To see what is in front of one's nose needs a constant struggle.
--- George Orwell

Friday, August 1, 2014

Has The IDF Invoked The Covert --- And Controversial --- 'Hannibal Doctrine' On Abducted Israeli Soldier, Killing Him To Deny Hamas A Strategic Pawn?

The capture of 24 year old Israeli soldier Hadar Goldin has brought attention---unwanted for sure---to the existence of the “Hannibal Directive,” a covert, unwritten IDF order which allows IDF commanders to take any action to foil an abduction, even if it means endangering the life of the captive, or inflicting casualties on civilians in the area. The Hannibal Directive is the focus of the most absolute Israeli military censorship, which is why the New York Times and other news organizations with bureaus in Israel have been informed they are not to report on it. According to the Times today:

After the initial publication of this article, the military’s censor informed The New York Times that further information related to the soldier would have to be submitted for prior review. Journalists for foreign news organizations must agree in writing to the military censorship system to work in Israel. This was the first censorship notification The Times had received in more than two years.

The International Business Times (UK) and Richard Stevenson offer some background, reporting that "Hannibal" has already been invoked in the current round of Gaza fighting lat week, in the death of an Israeli sergeant. The Hannibal Directive takes its name from the Carthaginian general who took poison rather than fall into the hands of his Roman enemies. It is based on the view that a solider is better dead than captured by the enemy and used as a pawn, as was Israeli soldier Giliad Shalit held for five years by Hamas before being released in 2011.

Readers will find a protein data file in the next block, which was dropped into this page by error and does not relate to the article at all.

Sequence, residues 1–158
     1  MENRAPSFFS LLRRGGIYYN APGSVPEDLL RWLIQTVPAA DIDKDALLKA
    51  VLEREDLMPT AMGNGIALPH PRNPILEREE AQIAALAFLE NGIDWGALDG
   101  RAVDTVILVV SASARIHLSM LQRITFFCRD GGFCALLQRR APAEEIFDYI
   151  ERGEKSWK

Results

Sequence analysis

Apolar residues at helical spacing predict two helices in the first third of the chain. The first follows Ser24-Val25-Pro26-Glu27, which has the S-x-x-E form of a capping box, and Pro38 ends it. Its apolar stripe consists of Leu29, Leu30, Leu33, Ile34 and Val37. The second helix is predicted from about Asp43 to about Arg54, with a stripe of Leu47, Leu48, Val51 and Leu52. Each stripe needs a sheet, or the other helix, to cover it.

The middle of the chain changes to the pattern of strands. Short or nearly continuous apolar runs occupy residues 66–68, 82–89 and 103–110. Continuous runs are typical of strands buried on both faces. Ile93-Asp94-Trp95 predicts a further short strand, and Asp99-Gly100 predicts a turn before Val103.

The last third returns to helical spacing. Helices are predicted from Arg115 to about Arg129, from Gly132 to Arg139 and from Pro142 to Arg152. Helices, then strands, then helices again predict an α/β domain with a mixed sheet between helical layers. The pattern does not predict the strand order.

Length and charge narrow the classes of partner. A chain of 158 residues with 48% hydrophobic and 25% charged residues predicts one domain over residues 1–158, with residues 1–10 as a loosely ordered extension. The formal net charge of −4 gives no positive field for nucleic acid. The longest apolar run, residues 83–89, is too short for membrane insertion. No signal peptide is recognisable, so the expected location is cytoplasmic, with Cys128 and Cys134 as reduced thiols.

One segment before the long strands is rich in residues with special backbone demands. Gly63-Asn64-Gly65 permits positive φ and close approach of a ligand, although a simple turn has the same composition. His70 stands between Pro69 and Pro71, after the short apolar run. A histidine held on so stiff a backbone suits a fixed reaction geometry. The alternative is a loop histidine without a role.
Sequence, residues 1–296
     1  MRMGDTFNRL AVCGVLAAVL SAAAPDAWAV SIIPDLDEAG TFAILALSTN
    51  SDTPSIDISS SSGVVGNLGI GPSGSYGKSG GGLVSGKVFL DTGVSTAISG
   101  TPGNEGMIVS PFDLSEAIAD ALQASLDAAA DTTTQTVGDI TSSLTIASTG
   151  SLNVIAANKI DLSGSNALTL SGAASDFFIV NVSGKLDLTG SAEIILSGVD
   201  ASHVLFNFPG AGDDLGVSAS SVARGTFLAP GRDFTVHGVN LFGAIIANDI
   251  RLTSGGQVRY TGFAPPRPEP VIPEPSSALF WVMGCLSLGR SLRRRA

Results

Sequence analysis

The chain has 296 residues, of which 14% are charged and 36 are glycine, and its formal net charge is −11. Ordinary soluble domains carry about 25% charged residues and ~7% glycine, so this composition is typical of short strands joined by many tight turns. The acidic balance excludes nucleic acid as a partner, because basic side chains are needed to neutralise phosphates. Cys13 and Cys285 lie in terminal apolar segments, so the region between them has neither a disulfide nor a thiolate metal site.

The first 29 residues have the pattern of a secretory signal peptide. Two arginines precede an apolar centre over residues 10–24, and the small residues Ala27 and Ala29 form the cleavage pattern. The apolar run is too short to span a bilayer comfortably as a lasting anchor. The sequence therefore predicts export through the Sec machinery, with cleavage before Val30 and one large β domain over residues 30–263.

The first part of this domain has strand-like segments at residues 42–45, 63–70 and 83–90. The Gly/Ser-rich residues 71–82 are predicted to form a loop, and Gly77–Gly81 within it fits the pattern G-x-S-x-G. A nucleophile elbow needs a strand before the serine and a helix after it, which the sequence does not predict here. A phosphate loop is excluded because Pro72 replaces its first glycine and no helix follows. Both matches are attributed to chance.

As Silverstein explains:
The order allows commanders to take whatever action is necessary, including endangering the life of an abducted soldier, to foil the abduction…
As happens so often in these cases, an IDF commander instrumental in drafting the order denied the horrific logic of the directive and then offered an example of how he would proceed which only confirmed it:
In a rare interview by one of the authors of the directive, Yossi Peled…denied that it implied a blanket order to kill Israeli soldiers rather than let them be captured by enemy forces. The order only allowed the army to risk the life of a captured soldier, not to take it. “I wouldn’t drop a one-ton bomb on the vehicle, but I would hit it with a tank shell”, Peled was quoted saying. He added that he personally “would rather be shot than fall into Hizbullah captivity.”
In other words, the IDF will do almost everything in its power to prevent capture of its soldiers including killing him.  It might not put a bullet directly in his brain, but it would certainly shell a home or vehicle in which he was situated.
Silverstein captures the puzzlement:
Perhaps there’s a lingering bit of the liberal Zionist I once was here, but I’d always heard that Israel never leaves a soldier behind.  It does everything possible to bring all its troops home, and once captured does everything possible to retrieve or free them.
All this time I was sorely mistaken.  When all hope is lost of liberating the soldier from captivity, he dies.  What’s equally disturbing is that the existence of the directive is an open secret.  Commanders warn their soldiers that no one may be captured and that if you are you must commit suicide.  If you can’t do that, then they will do their best to kill you.  Perhaps they don’t articulate it precisely in those words, but that’s the clear intent.
So much for that "Purity Of Arms" doctrine. 

UPDATE: In light of revelations about Hannibal, this CNN interview that Wolf Blitzer did with Israeli think-tanker Gershon Baskin just seems like a willing --and willful--- exercise in journalistic gullibility. Or the work of a poorly informed booker/producer. Pure hasbara/propaganda.   

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